Daniel R. Northrop v. Opperman

Decision Date03 February 2011
Docket NumberNo. 2009AP1559.,2009AP1559.
Citation795 N.W.2d 719,2011 WI 5,331 Wis.2d 287
PartiesDaniel R. NORTHROP, Plaintiff,Kay M. Boerst and Peter S. Boerst, Plaintiffs–Appellants–Petitioners,v.Betty OPPERMAN, Connie Henn, Floyd Opperman, Keith Opperman, Mark Henn and Pamela Opperman, Defendants–Respondents.
CourtWisconsin Supreme Court

OPINION TEXT STARTS HERE

For the plaintiff-appellant-petitioner there were briefs and oral argument by Vicki Zick, Zick & Weber Law Offices, LLP, Johnson Creek.For the defendant-respondent there was a brief and oral argument by Joe Thrasher, Thrasher, Doyle, Pelish & Franti, Rice Lake.An amicus curiae brief was filed on behalf of the Wisconsin REALTORS Association by Thomas D. Larson.SHIRLEY S. ABRAHAMSON, C.J.

This is a review of a published decision of the court of appeals,1 which affirmed in part and reversed in part the judgment of the Circuit Court for Ashland County, John P. Anderson, Judge. Kay and Peter Boerst seek review of that part of the court of appeals decision affirming the circuit court's determination that the boundary line between their property and the property of Betty and Floyd Opperman is the center line of Henn Road. 2 We affirm this part of the decision of the court of appeals.

¶ 2 The Boersts own a parcel of land in Section 9 that is adjacent to and east of a parcel of land in Section 8 owned by the Oppermans. The boundary line in dispute in this action is the western boundary of the Boersts' property in Section 9 and the eastern boundary of the Oppermans' property in Section 8.

The circuit court determined that the center line of Henn Road (which runs north and south) is the boundary line between the Boersts' and the Oppermans' properties. The court of appeals affirmed this part of the circuit court's judgment.3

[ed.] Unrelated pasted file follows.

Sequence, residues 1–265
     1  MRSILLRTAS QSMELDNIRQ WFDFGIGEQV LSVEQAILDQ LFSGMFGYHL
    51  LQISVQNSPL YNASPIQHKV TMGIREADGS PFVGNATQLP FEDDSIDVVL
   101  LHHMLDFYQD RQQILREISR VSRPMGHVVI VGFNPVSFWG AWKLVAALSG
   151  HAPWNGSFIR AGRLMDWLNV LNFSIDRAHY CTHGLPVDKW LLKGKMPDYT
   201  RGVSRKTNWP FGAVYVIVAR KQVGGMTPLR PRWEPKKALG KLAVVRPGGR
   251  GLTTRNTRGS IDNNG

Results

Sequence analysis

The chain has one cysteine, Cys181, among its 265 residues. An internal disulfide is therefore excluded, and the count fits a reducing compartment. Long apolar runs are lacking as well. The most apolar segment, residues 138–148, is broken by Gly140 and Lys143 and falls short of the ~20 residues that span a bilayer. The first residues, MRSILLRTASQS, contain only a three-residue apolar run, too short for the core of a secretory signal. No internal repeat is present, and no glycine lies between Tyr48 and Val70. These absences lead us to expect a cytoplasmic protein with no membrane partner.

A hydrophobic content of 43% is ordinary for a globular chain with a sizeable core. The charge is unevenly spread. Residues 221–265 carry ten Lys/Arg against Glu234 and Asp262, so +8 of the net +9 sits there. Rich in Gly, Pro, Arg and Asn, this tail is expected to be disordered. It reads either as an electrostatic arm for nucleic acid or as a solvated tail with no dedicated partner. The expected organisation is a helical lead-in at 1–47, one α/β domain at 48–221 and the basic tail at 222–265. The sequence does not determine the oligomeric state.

¶ 4 The Boersts present the issue as “whether the doctrine of acquiescence allows mistaken boundaries to become legal boundaries after twenty years of mistaken belief has passed.” This presentation of the issue is driven by the circuit court's and the court of appeals' use of the word “acquiescence” in their analyses. Our review is not constrained by this statement of the issue. The issue before the court is whether the court of appeals erred in holding that the circuit court correctly determined that the center line of Henn Road is the boundary line separating the parcel of land owned by the Boersts from the parcel of land owned by the Oppermans.

¶ 5 We conclude that in determining the boundary line by evaluating the evidence of common usage and acquiescence and not by using the legal doctrine of acquiescence, the circuit court applied the correct legal analysis in the present case. After finding that the actual boundary line 4 could not be determined from the deed and original monuments or markers, the circuit court evaluated the evidence and established the boundary line based upon the best evidence available. There are sufficient facts in the record upon which the circuit court based its findings that the actual boundary line could not be determined from the deed and the original monument or markers and that the best evidence supports the center line of Henn Road as the boundary line separating the parcels owned by the parties to this review. The best evidence was not the successive surveys but common usage and acquiescence.